Prof. Kevin Howley Tells CBC Why People "Latch On to Celebrity"
September 8, 2006
September 8, 2006, Greencastle, Ind. - Being photographed or the subject of news reports and being hounded for autographs is "part of the deal a celebrity who looks to achieve a sense of fame makes," Kevin Howley, associate professor of communication at DePauw University, tells the Canadian Broadcasting Corporation. "On the one hand, they wouldn't have the cachet in the absence of that type of attention. At the same time, once they get that attention, they're fair game. Is it fair? Is it right? No, but that's part of the deal they're making when they enter into this star system."
Dr. Howley's analysis is featured in a CBC online column, "Celebrity Stalking: Stop the Madness," by Georgie Binks. She writes, "Male sports celebrities get off much easier. Many have sex lives that make rock stars envious, but unless they call a news conference and announce it, you'll never hear it from adoring reporters. Howley believes there's a double standard when it comes to female celebrities and performers. 'There's an unwritten law at work,' he says, 'that has a lot to do with our Western ideals of gender differences. Guys are expected to sow their wild oats, but that's taboo for women.'"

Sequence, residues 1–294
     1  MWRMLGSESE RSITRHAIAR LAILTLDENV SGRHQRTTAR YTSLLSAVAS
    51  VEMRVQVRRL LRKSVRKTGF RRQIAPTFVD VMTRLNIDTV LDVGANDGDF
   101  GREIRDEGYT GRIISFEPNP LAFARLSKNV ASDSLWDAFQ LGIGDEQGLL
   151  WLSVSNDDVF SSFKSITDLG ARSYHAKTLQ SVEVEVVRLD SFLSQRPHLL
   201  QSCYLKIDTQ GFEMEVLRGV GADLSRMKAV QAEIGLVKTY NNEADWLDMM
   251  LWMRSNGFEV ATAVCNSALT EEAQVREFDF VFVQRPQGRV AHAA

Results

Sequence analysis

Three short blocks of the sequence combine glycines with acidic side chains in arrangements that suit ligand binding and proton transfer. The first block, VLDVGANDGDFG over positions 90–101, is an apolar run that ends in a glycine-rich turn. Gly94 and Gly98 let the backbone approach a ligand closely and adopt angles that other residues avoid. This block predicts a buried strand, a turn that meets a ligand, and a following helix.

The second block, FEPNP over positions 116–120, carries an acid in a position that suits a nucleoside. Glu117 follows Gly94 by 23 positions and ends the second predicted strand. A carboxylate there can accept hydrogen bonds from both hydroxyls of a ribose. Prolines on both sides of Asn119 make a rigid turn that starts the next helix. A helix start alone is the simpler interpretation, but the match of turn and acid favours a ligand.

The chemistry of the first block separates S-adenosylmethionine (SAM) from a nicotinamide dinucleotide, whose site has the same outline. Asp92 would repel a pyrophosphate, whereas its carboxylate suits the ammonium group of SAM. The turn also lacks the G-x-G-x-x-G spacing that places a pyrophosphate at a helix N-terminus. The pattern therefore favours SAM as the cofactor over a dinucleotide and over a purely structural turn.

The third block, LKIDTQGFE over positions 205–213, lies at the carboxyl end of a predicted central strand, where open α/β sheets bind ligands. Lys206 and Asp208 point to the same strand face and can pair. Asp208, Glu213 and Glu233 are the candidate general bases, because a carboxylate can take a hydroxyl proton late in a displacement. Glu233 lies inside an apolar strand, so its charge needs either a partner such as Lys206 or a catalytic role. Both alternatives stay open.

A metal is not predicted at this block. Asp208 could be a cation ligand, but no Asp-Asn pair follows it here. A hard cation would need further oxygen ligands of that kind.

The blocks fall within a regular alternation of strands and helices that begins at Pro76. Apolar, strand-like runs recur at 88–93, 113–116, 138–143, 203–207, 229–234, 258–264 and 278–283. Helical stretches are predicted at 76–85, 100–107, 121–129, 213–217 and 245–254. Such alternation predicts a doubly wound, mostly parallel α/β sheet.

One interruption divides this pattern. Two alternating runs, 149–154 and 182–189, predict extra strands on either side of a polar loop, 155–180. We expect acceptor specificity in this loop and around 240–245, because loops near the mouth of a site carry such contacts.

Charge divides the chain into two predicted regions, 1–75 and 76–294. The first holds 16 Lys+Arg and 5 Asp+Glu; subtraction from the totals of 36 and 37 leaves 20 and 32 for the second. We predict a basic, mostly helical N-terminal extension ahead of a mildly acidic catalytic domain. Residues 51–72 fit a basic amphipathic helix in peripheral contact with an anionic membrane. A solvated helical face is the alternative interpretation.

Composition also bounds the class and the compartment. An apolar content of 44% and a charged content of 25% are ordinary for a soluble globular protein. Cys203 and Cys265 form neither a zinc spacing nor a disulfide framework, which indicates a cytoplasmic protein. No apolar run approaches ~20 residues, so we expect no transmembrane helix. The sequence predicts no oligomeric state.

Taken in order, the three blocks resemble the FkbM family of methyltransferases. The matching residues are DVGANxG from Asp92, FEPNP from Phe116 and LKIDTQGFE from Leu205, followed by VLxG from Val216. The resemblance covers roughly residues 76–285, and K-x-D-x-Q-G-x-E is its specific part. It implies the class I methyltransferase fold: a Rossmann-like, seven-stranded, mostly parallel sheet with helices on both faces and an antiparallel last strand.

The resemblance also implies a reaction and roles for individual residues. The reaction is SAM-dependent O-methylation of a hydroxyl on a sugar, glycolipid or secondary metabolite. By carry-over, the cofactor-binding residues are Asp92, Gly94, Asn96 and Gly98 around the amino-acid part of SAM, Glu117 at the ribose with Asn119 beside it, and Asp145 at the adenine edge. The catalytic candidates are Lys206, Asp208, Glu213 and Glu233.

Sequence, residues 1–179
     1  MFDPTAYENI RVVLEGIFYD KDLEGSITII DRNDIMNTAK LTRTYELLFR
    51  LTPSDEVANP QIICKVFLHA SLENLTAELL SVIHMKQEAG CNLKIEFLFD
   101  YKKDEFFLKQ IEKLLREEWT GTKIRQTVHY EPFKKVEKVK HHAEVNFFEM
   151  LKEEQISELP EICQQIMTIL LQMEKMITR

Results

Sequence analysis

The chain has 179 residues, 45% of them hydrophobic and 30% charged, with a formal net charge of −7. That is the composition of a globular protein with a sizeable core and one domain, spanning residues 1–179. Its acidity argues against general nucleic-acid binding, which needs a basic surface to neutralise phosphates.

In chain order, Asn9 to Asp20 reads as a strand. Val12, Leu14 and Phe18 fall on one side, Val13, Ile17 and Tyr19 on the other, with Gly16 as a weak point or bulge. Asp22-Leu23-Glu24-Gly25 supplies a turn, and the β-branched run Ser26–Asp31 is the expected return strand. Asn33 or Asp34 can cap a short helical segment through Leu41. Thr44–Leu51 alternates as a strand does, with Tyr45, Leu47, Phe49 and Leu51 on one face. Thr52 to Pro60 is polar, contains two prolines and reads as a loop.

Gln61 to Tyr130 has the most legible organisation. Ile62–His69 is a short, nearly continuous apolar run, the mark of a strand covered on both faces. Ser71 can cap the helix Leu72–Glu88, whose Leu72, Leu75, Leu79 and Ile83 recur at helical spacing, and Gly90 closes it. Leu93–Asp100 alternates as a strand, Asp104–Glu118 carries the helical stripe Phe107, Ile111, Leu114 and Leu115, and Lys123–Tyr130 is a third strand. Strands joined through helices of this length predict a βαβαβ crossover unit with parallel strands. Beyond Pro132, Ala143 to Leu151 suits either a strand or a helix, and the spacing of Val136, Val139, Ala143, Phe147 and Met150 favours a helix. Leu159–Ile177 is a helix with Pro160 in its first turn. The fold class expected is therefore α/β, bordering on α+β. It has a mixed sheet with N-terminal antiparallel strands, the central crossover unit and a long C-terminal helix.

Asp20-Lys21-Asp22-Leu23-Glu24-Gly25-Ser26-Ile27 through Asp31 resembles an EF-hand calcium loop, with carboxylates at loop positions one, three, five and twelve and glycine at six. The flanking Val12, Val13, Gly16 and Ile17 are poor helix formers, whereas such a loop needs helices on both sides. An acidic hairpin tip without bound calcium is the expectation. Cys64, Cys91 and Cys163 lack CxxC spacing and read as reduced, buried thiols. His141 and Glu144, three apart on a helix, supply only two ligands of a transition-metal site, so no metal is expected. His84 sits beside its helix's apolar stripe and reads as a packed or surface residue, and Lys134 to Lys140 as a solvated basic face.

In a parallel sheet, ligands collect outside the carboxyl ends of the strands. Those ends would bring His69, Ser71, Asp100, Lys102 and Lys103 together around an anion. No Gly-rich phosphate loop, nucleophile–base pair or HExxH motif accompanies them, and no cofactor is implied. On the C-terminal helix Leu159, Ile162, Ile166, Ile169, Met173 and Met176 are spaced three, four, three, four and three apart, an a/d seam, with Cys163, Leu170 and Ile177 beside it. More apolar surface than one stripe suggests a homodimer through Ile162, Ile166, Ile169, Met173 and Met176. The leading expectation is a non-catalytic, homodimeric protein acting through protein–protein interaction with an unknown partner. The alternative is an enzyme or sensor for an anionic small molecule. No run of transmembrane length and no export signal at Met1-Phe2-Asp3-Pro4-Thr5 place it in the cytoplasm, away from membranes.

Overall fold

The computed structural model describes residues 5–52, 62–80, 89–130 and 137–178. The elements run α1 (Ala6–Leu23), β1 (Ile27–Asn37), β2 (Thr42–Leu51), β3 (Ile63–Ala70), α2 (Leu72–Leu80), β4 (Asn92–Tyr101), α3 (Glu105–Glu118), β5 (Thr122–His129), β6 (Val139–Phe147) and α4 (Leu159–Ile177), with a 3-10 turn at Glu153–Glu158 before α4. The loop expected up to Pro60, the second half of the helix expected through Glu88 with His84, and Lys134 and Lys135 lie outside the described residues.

Later in the article the professor observes, "Back in the 19th century, our lives revolved around certain institutions: school, church and family. But as we moved from a rural to urban society where those institutions were diminished, people felt less grounded, and we now look to stars and sports figures as models of behavior. That's why we latch on to celebrity. There's something in modern living that's lacking."
Binks adds, "Journalists are to blame as well: Howley says covering the lives of movie stars is easier than doing investigative reporting. So true."
Read the complete column at the CBC's Web site.
Kevin Howley was recently quoted in an article in Texas' Austin American-Statesman examining the media response the events of 9/11. Learn more in this previous story.
Source: Canadian Broadcasting Corp.Back